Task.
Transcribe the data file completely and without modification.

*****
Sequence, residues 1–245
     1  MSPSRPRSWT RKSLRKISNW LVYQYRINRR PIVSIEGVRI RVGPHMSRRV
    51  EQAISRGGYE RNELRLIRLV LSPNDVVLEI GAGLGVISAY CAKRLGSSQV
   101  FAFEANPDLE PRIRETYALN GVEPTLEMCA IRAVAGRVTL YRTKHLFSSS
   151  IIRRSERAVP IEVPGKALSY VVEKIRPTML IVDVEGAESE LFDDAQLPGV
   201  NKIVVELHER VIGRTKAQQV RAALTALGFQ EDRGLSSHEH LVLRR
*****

Sequence, residues 1–245
     1  MSPSRPRSWT RKSLRKISNW LVYQYRINRR PIVSIEGVRI RVGPHMSRRV
    51  EQAISRGGYE RNELRLIRLV LSPNDVVLEI GAGLGVISAY CAKRLGSSQV
   101  FAFEANPDLE PRIRETYALN GVEPTLEMCA IRAVAGRVTL YRTKHLFSSS
   151  IIRRSERAVP IEVPGKALSY VVEKIRPTML IVDVEGAESE LFDDAQLPGV
   201  NKIVVELHER VIGRTKAQQV RAALTALGFQ EDRGLSSHEH LVLRR